Today the global human population has reached 8 billion. Lest we think our current growth rate is normal, this graph shows that human population since 10,000 BCE (the start of agriculture) has had a rapid and unnatural growth spurt in the last 70 years.
There are so many humans now that we have changed the surface of the Earth, its atmosphere, and its climate just to supply our own needs.
This rate of growth is unsustainable and somehow our species naturally knows it. Population growth will continue but is slowing to a rate of only 1% by the end of this century. Unfortunately there will be 10.9 billion of us by then!
Asia will lead the world in slowing the rate while North America remains relatively stable. (Note: The dip in 2020 is COVID deaths outperforming births.)
How will we feed 8 to 10.9 billion people? Where will we live when the sea rises and the deserts expand?
It’s a good thing for humans and the planet that our species will stop reproducing quite so fast.
However they were already iconic. Ancient Egyptians domesticated them, Ancient Romans bred them. They were prized for their horns and meat.
Unfortunately the wild population of scimitar oryx dropped to less than 200 by the early 1980’s and within 10 years the last ever seen was in Chad. Declared extinct in the wild in 2000, they still existed in captivity.
Soon captive breeding programs looked for suitable locations in the Sahel for the antelope’s reintroduction and began breeding them in zoos and in herds to succeed in the wild. In the U.S., ranches in Texas breed them for reintroduction and for hunting.
To get an idea of what the animals look like, see this video from the Greater Vancouver Zoo.
Thanks to captive breeding, the first scimitar-horned oryx were released in Chad in 2016, as shown in this video.
Many endangered species go extinct before we know they exist. That didn’t happen to this iconic animal.
(photos from Wikimedia Commons, map from researchgate; click on the captions to see the originals)
When we turn our clocks back tonight it may be the last time we’ll have to do it in the U.S. And then again, it might not be.
Our current DST law sets Daylight Saving Time for the entire U.S. and allows states and territories to opt out of it (stay on Standard Time). Those who have include most of Arizona, Guam, Hawaii, Northern Mariana Islands, American Samoa, Puerto Rico and the Virgin Islands.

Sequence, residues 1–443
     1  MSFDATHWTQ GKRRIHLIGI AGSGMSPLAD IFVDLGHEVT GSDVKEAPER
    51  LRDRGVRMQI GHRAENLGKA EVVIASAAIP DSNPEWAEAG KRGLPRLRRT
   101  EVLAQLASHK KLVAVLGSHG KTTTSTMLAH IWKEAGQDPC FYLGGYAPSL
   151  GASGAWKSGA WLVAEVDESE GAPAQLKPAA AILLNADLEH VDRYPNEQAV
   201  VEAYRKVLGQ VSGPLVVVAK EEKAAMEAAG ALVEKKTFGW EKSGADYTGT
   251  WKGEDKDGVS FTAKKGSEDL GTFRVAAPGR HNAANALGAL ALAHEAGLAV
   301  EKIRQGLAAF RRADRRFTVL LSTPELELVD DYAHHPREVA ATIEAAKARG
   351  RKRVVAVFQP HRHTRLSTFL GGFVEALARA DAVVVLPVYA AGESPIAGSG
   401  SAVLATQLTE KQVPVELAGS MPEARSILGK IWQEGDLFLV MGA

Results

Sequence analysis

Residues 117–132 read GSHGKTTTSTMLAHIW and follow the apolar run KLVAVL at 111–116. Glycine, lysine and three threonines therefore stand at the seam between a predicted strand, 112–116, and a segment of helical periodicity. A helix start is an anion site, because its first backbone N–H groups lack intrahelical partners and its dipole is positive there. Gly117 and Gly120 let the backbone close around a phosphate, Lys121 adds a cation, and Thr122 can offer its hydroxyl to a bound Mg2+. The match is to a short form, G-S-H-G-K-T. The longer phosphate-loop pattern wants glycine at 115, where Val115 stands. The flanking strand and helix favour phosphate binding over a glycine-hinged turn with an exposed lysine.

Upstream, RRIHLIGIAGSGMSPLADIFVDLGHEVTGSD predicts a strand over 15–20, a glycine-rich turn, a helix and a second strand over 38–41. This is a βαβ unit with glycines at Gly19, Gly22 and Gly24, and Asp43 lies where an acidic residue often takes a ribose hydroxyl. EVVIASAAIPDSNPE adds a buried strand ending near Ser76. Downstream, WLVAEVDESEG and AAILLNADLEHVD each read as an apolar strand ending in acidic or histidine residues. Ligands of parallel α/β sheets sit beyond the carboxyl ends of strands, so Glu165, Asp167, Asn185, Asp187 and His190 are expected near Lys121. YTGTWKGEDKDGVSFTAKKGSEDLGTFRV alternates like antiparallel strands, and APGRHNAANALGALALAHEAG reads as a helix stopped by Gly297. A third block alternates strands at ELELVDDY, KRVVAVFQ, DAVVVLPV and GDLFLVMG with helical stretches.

However the current law does not allow states to stay on Daylight Saving Time year-round even though Florida, Washington, California, and Oregon legislatures have all passed bills to make it permanent and 22 other states are considering it.
On March 15, 2022, the US Senate unanimously passed the Sunshine Protection Act. The bill proposes—beginning in November 2023—that all states go on permanent DST, which is one hour later than standard time. States that have passed legislation for permanent DST will be allowed to enact their legislation. [It also allows states and territories that never switch to DST to stay on Standard Time as they do today. ]
But permanent DST is just a gleam in the eye of those who want it. It hasn’t passed the House.
Thus countries that border the U.S. have the usual dilemma. Southern Canadian provinces have so far stayed in synch with U.S. time zones. Meanwhile Mexico abolished Daylight Saving Time on 26 October 2022 (last month!) but allows northern border locations to stay in synch with the U.S.
Will we have Permanent Daylight Saving Time? Who knows. It’s more likely we’ll have Permanent Confusion.
The Louisiana [orange sweet potato] industry coined the term “yam” in 1937 as part of a national marketing campaign to differentiate its product from the drier, white-fleshed types [of sweet potatoes] being grown on the East Coast.
The mix-up between yams and sweet potatoes originated from the trans-Atlantic slave trade. Yams are an important part of West African food traditions. They are crucial to the regional diet with a religious significance and a cultural heritage.